Articulatory differences between oral and nasal vowels based on simulation of a speaker-adaptive articulatory model

Panying Rong, Ryan Shosted, David Kuehn

Research output: Chapter in Book/Report/Conference proceedingConference contribution

Abstract

In this study, a speaker-adaptive articulatory model was constructed by fitting point-wise articulatory positions measured by electromagnetic articulography (EMA) to the vocal tract framework in [5] to customize a standard vocal tract model with speaker-dependent articulatory features. With the speakeradaptive articulatory model, the area functions of oral and nasal vowel pairs (/a/, /i/, /u/) were simulated. The differences of area functions between oral and nasal vowels were decomposed into orthogonal modes [10] to account for the primary oropharyngeal articulatory changes related to nasalization. The relationship between the principal articulatory modes and the lowest two formant frequencies (F1, F2) was examined to uncover the effect of oropharyngeal articulation on the acoustics of nasal vowels.

Original languageEnglish (US)
Title of host publicationINTERSPEECH-2012
Pages2697-2700
Number of pages4
StatePublished - Dec 1 2012
Event13th Annual Conference of the International Speech Communication Association 2012, INTERSPEECH 2012 - Portland, OR, United States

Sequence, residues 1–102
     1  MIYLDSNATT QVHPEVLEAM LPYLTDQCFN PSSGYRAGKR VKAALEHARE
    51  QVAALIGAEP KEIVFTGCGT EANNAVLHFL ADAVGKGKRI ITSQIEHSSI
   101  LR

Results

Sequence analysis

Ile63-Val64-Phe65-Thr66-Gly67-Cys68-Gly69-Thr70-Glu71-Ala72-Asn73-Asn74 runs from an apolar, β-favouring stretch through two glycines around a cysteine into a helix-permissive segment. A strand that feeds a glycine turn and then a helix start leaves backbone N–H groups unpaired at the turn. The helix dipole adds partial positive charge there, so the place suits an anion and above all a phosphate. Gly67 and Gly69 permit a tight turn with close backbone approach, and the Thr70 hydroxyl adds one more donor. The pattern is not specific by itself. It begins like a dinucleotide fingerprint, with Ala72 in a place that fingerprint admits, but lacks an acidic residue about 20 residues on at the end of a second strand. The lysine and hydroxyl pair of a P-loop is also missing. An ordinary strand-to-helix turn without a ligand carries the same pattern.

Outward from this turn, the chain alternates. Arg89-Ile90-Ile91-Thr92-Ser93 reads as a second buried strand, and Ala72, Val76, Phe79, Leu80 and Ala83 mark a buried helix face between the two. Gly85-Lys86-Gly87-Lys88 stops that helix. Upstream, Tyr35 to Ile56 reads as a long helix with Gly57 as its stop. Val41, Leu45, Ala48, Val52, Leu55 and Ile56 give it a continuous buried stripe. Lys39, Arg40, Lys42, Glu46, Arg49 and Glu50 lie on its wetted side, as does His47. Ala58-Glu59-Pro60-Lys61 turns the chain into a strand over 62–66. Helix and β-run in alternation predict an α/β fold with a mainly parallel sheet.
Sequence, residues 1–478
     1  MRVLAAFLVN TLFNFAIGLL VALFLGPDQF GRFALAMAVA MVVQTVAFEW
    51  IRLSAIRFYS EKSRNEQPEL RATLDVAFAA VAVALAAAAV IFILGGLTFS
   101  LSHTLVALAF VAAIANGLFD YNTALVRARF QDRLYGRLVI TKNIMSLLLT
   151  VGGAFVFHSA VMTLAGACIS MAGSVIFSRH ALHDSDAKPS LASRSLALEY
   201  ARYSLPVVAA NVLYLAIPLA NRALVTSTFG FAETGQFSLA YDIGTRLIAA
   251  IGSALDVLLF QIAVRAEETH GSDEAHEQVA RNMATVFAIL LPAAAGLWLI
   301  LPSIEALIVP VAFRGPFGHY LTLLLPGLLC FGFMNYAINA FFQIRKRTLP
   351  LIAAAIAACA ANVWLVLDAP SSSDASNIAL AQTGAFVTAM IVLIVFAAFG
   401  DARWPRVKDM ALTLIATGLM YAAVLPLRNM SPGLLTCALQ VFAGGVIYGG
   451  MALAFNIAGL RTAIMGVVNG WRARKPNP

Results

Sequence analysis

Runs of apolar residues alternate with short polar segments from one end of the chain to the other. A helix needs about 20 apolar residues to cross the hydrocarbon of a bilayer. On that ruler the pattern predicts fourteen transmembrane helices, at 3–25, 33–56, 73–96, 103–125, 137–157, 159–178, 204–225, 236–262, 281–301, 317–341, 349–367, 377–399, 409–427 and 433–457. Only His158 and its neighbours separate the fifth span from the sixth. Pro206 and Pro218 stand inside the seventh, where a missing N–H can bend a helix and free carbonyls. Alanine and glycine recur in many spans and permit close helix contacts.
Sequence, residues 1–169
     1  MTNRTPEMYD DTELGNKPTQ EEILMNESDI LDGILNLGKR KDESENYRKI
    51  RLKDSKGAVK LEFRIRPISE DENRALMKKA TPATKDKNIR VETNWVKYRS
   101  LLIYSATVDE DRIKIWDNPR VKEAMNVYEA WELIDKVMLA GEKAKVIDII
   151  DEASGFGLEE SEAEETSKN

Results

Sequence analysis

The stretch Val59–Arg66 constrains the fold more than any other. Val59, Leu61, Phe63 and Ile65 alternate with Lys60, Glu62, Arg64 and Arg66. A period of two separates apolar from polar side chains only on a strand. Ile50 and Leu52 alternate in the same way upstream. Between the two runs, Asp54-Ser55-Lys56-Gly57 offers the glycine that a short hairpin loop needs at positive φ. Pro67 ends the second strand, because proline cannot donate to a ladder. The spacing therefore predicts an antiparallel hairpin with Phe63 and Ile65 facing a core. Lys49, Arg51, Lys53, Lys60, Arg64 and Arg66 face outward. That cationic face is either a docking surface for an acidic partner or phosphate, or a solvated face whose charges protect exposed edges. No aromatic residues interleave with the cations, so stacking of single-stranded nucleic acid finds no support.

Duration: Sep 9 2012Sep 13 2012

Publication series

Name13th Annual Conference of the International Speech Communication Association 2012, INTERSPEECH 2012
Volume3

Other

Other13th Annual Conference of the International Speech Communication Association 2012, INTERSPEECH 2012
CountryUnited States
CityPortland, OR
Period9/9/129/13/12

Keywords

  • Articulatory modeling
  • Electromagnetic articulography
  • Nasalization

ASJC Scopus subject areas

  • Computer Networks and Communications
  • Communication

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  • Cite this

    Rong, P., Shosted, R., & Kuehn, D. (2012). Articulatory differences between oral and nasal vowels based on simulation of a speaker-adaptive articulatory model. In INTERSPEECH-2012 (pp. 2697-2700). (13th Annual Conference of the International Speech Communication Association 2012, INTERSPEECH 2012; Vol. 3).